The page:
Grant winner brings aquariums to elementary classrooms

Harry Monroe, a science teacher at Dallas ISD’s Environmental Education Center, has always had a passion for teaching students about the natural world that surrounds them. One of the ways he is able to do this is through his classroom aquarium, something he will be sharing with elementary teachers across the district thanks to a Junior League of Dallas Grant for Innovative Teaching.

With 48 years of teaching experience and 31 years in Dallas ISD, Monroe has seen students alight with curiosity and wonder time and time again when interacting with living creatures like guppies, goldfish, Gambusia (or mosquitofish), and more.

A few years ago, Monroe helped establish a professional development workshop to guide other Dallas ISD teachers through setting up and maintaining an aquarium. 

“It created a lot of interest because the teachers who had been out here had been studying interdependence and ecosystems,” Monroe said. “They wanted to do something similar back in their classrooms, but a lot of the time, the only way they could do that would be to spend money out of their own pocket. So we came up with the professional development session and provided everybody with an aquarium kit.”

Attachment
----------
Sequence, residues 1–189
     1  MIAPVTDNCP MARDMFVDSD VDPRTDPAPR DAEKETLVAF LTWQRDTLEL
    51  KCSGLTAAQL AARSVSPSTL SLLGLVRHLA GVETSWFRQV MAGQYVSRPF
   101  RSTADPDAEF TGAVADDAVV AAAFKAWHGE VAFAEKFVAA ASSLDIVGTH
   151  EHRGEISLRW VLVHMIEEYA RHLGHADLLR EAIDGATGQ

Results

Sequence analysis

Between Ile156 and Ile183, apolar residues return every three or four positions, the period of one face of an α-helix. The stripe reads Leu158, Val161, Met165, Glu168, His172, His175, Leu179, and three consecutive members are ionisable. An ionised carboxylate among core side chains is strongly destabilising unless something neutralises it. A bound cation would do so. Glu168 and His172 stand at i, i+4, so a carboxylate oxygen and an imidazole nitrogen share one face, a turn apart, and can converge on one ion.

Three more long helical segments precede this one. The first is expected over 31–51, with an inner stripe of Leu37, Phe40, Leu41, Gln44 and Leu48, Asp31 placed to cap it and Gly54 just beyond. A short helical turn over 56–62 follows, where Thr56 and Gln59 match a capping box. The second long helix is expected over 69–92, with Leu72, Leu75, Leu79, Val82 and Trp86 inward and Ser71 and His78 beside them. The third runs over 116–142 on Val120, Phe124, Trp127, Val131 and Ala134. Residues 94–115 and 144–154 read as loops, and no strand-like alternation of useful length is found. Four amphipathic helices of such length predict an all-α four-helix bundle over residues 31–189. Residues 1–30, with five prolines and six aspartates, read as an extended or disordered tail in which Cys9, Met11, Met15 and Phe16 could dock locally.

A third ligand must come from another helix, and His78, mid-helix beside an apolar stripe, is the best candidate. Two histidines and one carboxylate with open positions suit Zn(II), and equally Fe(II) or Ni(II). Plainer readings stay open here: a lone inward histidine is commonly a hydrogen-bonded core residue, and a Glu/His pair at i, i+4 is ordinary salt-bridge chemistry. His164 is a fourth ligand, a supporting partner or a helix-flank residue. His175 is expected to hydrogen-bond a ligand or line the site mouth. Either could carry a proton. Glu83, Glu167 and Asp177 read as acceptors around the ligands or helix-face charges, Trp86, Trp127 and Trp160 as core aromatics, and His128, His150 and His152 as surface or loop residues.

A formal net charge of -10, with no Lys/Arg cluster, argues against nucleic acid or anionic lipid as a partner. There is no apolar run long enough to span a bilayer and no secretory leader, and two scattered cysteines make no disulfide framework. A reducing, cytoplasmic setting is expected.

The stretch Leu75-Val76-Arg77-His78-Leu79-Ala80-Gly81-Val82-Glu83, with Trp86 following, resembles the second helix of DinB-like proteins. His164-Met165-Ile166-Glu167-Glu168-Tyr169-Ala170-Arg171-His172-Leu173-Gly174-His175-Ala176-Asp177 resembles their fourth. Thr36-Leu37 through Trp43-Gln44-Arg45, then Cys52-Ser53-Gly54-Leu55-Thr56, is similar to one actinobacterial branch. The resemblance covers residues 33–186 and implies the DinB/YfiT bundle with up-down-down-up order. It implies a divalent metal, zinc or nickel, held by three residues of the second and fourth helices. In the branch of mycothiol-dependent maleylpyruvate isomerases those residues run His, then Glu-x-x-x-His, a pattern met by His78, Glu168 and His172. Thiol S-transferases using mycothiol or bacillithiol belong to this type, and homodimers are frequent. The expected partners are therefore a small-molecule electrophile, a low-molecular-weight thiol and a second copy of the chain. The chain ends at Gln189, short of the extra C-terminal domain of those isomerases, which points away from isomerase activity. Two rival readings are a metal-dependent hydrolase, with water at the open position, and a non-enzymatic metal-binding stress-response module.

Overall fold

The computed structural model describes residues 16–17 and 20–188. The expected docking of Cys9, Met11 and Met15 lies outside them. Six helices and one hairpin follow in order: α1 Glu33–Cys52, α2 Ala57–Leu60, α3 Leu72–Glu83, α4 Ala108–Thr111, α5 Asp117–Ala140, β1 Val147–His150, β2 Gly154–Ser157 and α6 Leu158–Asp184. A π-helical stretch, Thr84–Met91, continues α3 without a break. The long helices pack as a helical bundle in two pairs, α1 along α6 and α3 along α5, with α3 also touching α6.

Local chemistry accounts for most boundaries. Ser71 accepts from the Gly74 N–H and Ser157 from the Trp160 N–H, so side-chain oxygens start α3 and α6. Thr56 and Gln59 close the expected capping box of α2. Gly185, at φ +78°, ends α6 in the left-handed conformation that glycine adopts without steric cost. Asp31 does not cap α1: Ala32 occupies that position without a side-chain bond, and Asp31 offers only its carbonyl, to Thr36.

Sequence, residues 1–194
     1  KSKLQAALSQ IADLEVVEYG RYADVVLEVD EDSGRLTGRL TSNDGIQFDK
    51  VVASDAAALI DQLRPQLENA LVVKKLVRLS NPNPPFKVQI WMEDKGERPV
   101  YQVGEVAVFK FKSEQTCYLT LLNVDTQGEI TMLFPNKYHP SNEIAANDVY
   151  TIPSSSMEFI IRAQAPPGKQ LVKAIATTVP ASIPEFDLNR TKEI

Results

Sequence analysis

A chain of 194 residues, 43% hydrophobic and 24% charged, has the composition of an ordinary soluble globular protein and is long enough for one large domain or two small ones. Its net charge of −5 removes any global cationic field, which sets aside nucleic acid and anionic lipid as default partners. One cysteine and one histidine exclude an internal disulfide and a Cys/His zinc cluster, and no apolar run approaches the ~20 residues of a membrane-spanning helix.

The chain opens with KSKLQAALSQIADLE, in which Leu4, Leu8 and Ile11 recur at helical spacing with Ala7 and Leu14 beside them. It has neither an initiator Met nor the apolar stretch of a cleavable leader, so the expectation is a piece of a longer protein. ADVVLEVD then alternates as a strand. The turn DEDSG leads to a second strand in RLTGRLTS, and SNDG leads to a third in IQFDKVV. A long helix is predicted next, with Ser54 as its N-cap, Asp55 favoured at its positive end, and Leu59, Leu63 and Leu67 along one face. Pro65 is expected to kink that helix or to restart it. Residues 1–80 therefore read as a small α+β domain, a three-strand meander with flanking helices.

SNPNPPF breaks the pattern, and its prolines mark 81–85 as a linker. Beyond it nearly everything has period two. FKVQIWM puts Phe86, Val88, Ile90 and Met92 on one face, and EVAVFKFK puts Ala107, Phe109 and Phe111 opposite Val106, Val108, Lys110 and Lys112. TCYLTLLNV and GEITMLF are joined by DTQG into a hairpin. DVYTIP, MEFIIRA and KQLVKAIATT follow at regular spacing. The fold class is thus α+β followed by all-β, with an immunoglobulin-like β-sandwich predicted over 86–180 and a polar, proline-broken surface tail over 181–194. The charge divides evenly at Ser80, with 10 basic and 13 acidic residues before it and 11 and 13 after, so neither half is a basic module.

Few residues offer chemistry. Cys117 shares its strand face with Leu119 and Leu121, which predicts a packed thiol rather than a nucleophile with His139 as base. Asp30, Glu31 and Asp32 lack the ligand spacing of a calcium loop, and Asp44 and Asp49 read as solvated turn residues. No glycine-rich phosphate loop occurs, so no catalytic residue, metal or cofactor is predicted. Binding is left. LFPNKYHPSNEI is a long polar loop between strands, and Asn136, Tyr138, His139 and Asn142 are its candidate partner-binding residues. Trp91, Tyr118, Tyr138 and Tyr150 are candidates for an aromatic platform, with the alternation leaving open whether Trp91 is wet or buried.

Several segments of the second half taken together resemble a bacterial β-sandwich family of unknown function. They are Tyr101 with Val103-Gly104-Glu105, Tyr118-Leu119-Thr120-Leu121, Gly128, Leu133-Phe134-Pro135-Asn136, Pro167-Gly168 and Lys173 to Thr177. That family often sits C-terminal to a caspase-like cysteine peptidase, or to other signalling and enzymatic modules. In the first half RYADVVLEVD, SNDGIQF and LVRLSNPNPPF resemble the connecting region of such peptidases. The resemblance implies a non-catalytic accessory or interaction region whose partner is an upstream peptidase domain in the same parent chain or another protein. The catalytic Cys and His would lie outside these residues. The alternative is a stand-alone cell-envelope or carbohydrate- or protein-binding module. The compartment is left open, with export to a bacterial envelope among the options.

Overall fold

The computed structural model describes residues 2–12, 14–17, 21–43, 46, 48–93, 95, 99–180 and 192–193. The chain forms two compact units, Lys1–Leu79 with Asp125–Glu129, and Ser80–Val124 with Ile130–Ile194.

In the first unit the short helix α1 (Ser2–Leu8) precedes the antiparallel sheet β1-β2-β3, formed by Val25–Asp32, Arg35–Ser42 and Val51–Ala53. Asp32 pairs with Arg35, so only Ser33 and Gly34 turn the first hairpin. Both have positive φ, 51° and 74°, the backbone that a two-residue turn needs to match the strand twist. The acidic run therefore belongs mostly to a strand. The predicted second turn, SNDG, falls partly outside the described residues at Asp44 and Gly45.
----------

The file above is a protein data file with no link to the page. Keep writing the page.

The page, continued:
The session was so successful that Monroe decided to apply for a Grant for Innovative Teaching last school year to purchase 15 aquarium kits and host another workshop, which is scheduled for October.

Each kit will include tools like a thermometer, aerator, filter, and light to maintain the aquariums in a classroom setting. Monroe said he is especially looking forward to introducing new teachers to the enriching classroom experience and seeing them create memorable moments for their first set of students.

“The last time we were able to do this project, it created a kind of network because the teachers were able to get support from some of the vendors that make the equipment and from each other,” Monroe said. “I am hoping to put together some extra aquarium kits, and we are going to try to impact as many students as we can.”


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